Weiss : They were very focused on the whole lipstick kiss. Yet you have shows like The Bachelor where they're making out with different women, maybe five a night, and that’s OK. But Carole and I have real feelings for each other, so I think it’s a little bit threatening for people.
Do you know if Oprah said anything about this?
Weiss : What we do know from Oprah is that she really enjoyed the show, as did all of her staff. And we heard there might be a follow-up show because there has been so much attention. She was very thrilled with the show.
Florez is an intern in The Advocate's New York office.
November 17, 2006
Delta Burke, Leslie Jordan disinvited from Nashville talk show
A local Nashville television talk show rescinded an invitation to Delta Burke and Leslie Jordan to appear on the program, saying the show's conservative viewership could be offended by a discussion of their current work, according to celebrity site TMZ.
The two are currently starring in a Del Shores revival tour that recently won accolades from the L.A. Stage Alliance Ovation Awards and they were scheduled to appear on Talk of the Town on November 10. But the show's producer e-mailed them saying that after reviewing the subject matter of the plays, he "decided that it would not be in the best interest of Talk of the Town to [have] an actor come on the show to discuss the plays. We are dealing with a very conservative viewership who we feel would be offended by the show's titles and their topics."
Tennessee native Leslie Jordan, who won an Emmy award for his appearance on Will & Grace, called the incident a slap in the face.
Del Shores said the show is underestimating its audience. "Somehow I think that the people of Nashville are a little more diverse and open-minded than the producers of Talk of the Town are giving them credit for," he said. "At least that's been my experience in one of my favorite cities." (The Advocate)
Race's first gay casualty
By Neal Broverman
An Advocate.com exclusive posted October 2, 2006
So Lauren and Duke, last night was the airing of your final trip on The Amazing Race. How are you two reflecting on your experience? Duke: The experience is so difficult to articulate, you actually have to live it, there are no words to explain it really. We are very fortunate and grateful to have been on the show. The friendships we made with all the other team members were just priceless.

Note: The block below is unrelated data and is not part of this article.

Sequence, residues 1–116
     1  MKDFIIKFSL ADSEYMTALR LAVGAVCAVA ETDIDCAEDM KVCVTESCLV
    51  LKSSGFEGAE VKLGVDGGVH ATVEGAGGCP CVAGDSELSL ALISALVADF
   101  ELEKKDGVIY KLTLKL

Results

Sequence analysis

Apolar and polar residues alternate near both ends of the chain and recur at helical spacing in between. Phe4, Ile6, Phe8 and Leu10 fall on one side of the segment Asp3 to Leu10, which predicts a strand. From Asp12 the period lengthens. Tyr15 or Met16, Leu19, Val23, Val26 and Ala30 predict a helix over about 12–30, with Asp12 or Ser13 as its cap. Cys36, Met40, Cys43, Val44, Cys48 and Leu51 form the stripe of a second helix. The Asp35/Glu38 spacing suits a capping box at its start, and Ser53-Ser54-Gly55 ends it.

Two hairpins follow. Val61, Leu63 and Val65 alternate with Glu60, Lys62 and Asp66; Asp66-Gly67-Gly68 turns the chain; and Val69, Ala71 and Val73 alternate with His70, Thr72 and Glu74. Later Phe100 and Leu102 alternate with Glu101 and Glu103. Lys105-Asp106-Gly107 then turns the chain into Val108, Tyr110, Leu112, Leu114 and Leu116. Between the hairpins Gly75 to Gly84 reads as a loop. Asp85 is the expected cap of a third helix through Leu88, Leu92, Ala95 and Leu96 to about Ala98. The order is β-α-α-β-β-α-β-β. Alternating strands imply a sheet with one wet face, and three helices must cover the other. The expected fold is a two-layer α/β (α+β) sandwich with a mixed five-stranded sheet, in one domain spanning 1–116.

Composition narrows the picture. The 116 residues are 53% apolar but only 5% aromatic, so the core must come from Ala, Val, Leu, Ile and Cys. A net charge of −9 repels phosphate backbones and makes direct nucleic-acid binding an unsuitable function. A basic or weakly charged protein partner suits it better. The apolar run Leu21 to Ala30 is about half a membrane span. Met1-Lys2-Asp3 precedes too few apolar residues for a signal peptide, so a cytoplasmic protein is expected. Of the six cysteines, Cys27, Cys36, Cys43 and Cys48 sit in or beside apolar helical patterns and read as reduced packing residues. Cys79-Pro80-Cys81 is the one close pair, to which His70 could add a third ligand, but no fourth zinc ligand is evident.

Lauren: I had a truly amazing experience traveling with my dad, encountering new cultures that I wouldn’t have encountered otherwise. And even though we didn’t win that million-dollar prize, I know that together we came out on top. Had it not been for the show, we might not have had the opportunity to bond in the special way that we did. The memories we made together are priceless, and they will stay with me forever. Our relationship can only get better from here and I’m really excited for us to learn from one another and continue becoming friends. He will always be my dad, but he’s no longer just my dad, he really is a friend.
Do you have any regrets about the show? L: I guess last night when we were together with all the other contestants and asked for directions to find the coal [part of the show’s Detour challenge]. Then, all of a sudden, it seemed like they vanished into thin air. So, we weren’t able to find the coal before we stumbled upon the bird cage. Despite that, we completed the task and worked really well together, as we did with every other task. We were both very supportive and helpful to each other and we never argued during tasks since that really doesn’t get you anywhere.
D: We worked really well as a team. I was always impressed by her and I think that came through on the show.
L: We endured some of the most stressful situations that anyone could ever face. So it’s been great to take home that knowledge that I can work with my dad through those difficult situations
What made you decide to audition in the first place? L: Well, I had originally applied for Survivor, and since I made it through many rounds of interviewing, they learned how my dad and I were just recently starting to end our estrangement and work on our relationship. Then [CBS officials] approached me and suggested we apply for The Amazing Race together to see if the race could bring us any closer. So I called my dad and told him what they had told me, and since we were both big fans of the show there wasn’t much to consider. It was really the opportunity of a lifetime.